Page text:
Your whole life is just about to change - more than you could have ever imagined. And this is not something to dread or attempt to plan out. You want to know where you are going at this point, that is something I am willing to admit to. And how long, if at all, your family is going to be in-country with you. There are the details you can't just assume them to completion, financial aid, housing, friend visits and a number of other things should keep you busy for a good part of your summer. But don't you dare try to plan out your life to a T.


Life throws wicked fast curve balls. 


Of course, there are some things in life that are gonna suck and if it throws you off track, you're gonna hate it. But think about, college is a catalyst for opportunity.  Not all curve balls are bad. If they are true to their name, they will still affect you in big ways. Throwing your best laid plans 'til next Thursday isn't unusual, and for the sake of your sanity, you need to be okay with change.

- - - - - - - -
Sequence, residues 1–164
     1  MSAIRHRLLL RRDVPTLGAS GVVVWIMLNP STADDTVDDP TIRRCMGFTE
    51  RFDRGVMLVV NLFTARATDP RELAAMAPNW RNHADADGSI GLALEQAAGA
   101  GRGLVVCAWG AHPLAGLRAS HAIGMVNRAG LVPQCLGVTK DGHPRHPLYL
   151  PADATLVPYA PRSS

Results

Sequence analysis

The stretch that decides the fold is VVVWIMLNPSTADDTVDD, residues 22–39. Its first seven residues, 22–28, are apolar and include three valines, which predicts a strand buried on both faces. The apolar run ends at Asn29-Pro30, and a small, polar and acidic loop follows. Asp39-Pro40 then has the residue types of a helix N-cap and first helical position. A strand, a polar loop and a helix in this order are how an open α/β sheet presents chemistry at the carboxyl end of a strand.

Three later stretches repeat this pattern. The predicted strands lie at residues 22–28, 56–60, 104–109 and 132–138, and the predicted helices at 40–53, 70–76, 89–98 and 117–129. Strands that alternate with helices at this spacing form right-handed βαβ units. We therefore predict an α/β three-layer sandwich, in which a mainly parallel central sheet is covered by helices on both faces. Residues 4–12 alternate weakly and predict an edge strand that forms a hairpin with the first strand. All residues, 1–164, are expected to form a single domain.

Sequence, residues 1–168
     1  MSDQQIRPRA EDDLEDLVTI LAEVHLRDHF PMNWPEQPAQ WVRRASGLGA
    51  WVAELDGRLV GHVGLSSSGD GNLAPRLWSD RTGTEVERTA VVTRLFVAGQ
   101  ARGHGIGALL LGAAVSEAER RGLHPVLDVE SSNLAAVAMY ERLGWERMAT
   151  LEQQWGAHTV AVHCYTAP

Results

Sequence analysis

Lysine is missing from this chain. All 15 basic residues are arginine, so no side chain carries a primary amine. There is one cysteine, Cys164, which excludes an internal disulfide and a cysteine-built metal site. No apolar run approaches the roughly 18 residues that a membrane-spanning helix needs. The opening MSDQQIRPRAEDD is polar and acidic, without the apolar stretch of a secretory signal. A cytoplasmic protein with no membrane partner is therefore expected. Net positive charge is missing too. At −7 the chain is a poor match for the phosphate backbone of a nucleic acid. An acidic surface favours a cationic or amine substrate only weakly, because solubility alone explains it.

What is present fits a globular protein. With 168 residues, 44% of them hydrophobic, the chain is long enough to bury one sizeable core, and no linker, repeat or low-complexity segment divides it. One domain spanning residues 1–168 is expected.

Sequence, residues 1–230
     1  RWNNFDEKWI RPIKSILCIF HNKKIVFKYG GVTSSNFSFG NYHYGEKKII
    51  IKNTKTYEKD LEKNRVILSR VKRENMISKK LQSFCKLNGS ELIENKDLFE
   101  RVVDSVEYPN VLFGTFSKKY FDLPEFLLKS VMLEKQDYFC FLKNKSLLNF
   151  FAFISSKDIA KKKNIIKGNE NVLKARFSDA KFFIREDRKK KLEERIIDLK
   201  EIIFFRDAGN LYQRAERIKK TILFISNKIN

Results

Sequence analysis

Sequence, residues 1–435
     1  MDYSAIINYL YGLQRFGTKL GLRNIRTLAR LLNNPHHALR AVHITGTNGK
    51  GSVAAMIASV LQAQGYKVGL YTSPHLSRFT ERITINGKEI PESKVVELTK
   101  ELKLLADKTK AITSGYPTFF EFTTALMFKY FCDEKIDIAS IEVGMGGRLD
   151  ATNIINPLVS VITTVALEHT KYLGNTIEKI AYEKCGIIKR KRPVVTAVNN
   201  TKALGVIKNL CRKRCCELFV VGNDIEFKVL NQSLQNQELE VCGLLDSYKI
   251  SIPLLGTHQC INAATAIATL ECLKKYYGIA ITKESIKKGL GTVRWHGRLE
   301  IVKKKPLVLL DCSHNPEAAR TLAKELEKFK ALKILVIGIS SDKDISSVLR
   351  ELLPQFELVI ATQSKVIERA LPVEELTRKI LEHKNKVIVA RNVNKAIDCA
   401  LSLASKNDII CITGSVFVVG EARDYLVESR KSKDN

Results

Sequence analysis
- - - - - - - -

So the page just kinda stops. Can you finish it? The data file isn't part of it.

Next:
Be adaptable. Flexibility is probably the most important characteristic you can develop during your first year as a college student/independent employee. Roll with the punches. My mom and her vicious humor would remind me of this concept most every day when I was little. Taught me to be very resiliant to the rolling and the punching. Yay, Mom.  


And besides, God has His own plans for a reason.


His actually work.